Five women whose divorce cases were heard by Monmouth County Superior Court Judge Paul X. Escandon are petitioning the New Jersey General Assembly to impeach the Judge they say violated their rights of due process and equal protection.
WABC-NY first reported the story of the impeachment petition.
Under the New Jersey Constitution, the General Assembly has the sole power to impeach judges by majority vote of the members. Should a judge be impeached by the Assembly, a trial is held in the Senate. A conviction and removal from office requires the vote of two-thirds of the Senate members.
Patricia Madison aka Patricia Pisciotti, Rachel Alintoff, Tameka Hunt, Paula Diaz Antonopoulos Wolfe, and Kristen Williams are represented by Robert A. Tandy, Esq., a Woodcliff Lake civil rights and employment attorney.
The women argue that they have no recourse against Escandon, other than impeachment and removal from office, for violating their civil rights due to the broad immunities granted Judges. They make the following allegations in their petition:
Thursday is the 50th anniversary of the Martin Luther King Jr’s March on Washington and his landmark “I have a dream” speech. Yesterday, thousands of people descended to Washington to commemorate the historic event and celebrate the progress we have made toward racial equality.
Tomorrow is the 42nd annual Women’s Equality Day, a designation created by a Joint Resolution of Congress in 1971 at the behest of Congresswoman Bella Abzug of New York to commemorate the ratification of the 19th amendment which gave women the right to vote. The 19th Amendment was ratified on August 18, 1920.
GoTopless.org seeks to make a woman’s right to go topless part of the American Dream. Since 2007, when their spiritual leader Rael founded the organization, GoTopless has held an International GoTopless Day on the Sunday closest to August 26. That’s today this year. GoTopless is holding rallies in 51 cities around the world. In many of those cities, and in most states in the United States, going topless is already legal, according to the organization’s own map.
Today in New York City, where the right to go topless was degreed by a Court decision in 1996 and reaffirmed in 2007 when Phoenix Feeley won a $29,000 Judgment against the City for her wrongful 2005 arrest for going topless, Go Topless advocates are marching from Bryant Park to Times Square and back. Street vendors should stock up on sunscreen and hydrocortisone.
Here in New Jersey, Feeley’s recent efforts fell, umm, flat. She got herself arrested for going topless, twice in the same day, in Spring Lake in 2008, fought her conviction of violating Spring Lake’s anti-nudity ordinance up to the NJ Supreme Court and lost. Rather than pay her $816 fine, Feeley went to Monmouth County Jail and staged a hunger strike. A GoTopless organized protest drew two fully clothed women. Feeley was released early and healthy.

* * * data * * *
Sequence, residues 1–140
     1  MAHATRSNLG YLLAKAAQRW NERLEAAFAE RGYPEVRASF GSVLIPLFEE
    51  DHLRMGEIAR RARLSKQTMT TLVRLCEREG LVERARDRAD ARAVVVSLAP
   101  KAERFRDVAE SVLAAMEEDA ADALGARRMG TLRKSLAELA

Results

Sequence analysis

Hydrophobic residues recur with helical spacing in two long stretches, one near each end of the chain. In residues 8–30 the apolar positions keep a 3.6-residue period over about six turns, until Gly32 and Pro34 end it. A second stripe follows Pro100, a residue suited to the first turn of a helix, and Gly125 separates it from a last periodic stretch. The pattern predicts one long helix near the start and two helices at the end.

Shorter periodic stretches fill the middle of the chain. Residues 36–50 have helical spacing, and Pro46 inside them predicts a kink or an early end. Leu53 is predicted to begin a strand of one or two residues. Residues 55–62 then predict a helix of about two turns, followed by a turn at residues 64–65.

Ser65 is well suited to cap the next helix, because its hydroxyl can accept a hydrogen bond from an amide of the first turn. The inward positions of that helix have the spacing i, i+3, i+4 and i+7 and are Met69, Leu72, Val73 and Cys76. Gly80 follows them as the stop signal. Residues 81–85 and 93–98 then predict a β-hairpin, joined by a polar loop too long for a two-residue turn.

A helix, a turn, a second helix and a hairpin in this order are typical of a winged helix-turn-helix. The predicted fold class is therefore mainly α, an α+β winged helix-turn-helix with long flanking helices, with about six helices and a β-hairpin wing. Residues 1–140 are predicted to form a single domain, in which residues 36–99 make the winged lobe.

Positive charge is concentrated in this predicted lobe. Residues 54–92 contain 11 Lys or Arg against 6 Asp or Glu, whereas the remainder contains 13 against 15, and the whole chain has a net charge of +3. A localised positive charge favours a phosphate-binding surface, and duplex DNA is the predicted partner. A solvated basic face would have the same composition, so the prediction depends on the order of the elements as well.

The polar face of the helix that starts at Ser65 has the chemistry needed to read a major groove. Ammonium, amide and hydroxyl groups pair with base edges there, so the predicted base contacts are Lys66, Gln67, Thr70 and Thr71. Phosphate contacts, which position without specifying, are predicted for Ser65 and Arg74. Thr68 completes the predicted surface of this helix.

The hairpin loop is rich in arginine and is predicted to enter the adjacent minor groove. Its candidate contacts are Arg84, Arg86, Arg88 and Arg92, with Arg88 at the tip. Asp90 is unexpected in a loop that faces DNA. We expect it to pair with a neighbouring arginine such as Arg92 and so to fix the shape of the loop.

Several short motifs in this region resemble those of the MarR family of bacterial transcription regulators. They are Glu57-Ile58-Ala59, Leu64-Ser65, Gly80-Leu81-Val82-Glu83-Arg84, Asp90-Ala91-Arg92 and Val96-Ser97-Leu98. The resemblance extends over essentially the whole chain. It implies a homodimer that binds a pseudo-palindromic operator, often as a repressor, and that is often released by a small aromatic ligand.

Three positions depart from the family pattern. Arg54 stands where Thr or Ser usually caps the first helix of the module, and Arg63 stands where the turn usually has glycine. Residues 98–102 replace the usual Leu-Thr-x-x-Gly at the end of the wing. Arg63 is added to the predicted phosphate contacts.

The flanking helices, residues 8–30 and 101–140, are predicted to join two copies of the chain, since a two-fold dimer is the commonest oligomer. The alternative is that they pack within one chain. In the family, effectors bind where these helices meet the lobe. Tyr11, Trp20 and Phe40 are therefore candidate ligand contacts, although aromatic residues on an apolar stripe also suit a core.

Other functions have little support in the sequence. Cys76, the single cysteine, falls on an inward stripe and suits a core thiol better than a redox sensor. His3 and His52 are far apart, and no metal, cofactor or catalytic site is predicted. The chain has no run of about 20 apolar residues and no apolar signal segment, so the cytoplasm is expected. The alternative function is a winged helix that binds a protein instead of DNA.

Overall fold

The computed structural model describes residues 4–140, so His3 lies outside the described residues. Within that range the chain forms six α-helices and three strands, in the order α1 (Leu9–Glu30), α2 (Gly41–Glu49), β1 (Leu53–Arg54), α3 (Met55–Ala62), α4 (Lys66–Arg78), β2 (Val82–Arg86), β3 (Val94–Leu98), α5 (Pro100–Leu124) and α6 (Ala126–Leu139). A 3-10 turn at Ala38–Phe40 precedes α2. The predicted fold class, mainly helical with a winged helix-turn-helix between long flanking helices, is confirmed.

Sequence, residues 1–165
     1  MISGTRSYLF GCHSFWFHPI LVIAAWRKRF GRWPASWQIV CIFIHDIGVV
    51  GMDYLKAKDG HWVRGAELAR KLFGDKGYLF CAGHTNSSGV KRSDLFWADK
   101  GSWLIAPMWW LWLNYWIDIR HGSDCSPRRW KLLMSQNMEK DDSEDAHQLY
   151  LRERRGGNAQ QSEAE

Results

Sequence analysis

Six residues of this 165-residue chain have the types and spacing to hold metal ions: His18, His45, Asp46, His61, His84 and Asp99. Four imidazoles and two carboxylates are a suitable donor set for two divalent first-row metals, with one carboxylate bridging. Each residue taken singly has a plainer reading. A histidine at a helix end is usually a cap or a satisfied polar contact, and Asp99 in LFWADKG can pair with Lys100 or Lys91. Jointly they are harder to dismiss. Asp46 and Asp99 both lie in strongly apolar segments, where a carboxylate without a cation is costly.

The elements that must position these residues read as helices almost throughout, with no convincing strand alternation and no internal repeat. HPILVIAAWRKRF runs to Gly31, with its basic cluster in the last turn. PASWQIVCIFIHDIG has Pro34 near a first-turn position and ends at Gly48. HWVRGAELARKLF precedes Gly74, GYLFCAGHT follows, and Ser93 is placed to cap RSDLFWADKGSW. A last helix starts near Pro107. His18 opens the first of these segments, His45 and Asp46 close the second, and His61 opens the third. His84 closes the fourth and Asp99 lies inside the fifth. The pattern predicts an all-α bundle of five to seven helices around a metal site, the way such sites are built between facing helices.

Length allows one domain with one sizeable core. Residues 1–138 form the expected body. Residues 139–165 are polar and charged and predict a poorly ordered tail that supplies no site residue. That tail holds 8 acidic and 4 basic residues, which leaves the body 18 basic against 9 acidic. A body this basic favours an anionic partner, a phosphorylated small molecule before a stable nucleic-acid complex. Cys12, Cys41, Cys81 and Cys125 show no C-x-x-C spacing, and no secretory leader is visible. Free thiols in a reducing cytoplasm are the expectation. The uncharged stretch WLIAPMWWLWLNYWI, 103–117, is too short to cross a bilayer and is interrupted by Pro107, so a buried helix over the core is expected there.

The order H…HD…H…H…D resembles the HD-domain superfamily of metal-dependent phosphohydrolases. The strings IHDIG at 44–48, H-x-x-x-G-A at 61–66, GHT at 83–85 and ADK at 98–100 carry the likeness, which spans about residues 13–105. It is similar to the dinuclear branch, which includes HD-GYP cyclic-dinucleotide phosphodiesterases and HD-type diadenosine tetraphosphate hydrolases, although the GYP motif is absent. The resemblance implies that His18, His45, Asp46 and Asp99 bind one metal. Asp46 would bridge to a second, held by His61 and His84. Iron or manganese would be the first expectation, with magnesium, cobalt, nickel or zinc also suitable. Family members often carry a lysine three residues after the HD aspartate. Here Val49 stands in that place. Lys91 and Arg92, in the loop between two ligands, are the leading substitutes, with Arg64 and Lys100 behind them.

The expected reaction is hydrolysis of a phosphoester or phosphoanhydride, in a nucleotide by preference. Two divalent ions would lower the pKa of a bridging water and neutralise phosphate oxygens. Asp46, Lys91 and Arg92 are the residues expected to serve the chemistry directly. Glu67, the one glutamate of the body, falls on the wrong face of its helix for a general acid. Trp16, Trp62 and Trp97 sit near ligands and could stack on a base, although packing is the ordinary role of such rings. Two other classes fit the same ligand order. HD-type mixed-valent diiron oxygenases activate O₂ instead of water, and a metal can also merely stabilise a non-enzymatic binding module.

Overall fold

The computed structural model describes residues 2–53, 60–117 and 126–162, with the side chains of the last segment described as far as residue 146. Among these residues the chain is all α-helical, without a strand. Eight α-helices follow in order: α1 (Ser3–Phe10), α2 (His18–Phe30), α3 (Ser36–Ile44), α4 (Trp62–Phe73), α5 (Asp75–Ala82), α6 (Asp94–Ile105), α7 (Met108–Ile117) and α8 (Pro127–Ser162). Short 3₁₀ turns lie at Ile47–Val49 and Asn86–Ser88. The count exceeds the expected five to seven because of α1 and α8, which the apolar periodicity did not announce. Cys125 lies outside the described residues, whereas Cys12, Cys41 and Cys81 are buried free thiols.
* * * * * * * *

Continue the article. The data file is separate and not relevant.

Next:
At the March on Washington celebration yesterday, women kept their tops on.
My name is Nadine Gary, and I’m writing to you on behalf of GoTopless (www.gotopless.org), a U.S. women’s group devoted to obtaining our constitutional right to go topless in public wherever men have that right.
During Asbury Park’s Night Out last week, you were asked by reporter Art Gallagher about GoTopless activist Phoenix Feeley, who is currently into Day 8 of the hunger strike she has begun as an inmate at the Monmouth County Jail. This brave woman has not only gone to jail, serving a 16 day sentence but stopped eating to protest discriminatory topless laws in New Jersey.
Ms. Feeley went through the N.J. court system to fight for her constitutional rights and she is now appealing her case to the U.S. Supreme Court. We hope it will rule on this important gender equality issue that until now has been neglected at the federal level.
The New York City Police Department has reminded its 34,000 officers than women appearing in public “simply exposing their breasts” have committed no crime, according to a report in The New York Times.
New York’s highest court decided in 1992 the law which prohibited females exposing their breasts below the top of the areola violated the equal protection clauses of the Federal and New York Constitutions. The equal protection clause is part of the 14th amendment of the U.S. Constitution.
Topless advocate Moira Johston says that baring breasts is a human rights issue and a health issue. She says public toplessness would reduce the incidents of breast cancer. (Warning, the link features Johnston speaking topless, which is considered nude in New Jersey, but not in New York.)
New Jersey’s courts have taken a different view of female public toplessness.
In September of 2011 the Appellate Division of the New Jersey Superior Court upheld a Spring Lake Borough ordinance that considers female toplessness lewd and indecent. Affirming a 2001 case, the Court ruled that there is no constitutional right for women to appear topless in public and that and restrictions on the exposure of the female breast are supported by the important governmental interest in safeguarding the public’s moral sensibilities.
As the summer season approaches, female beach goers and roadside rallyers are advised to keep their tops on in New Jersey.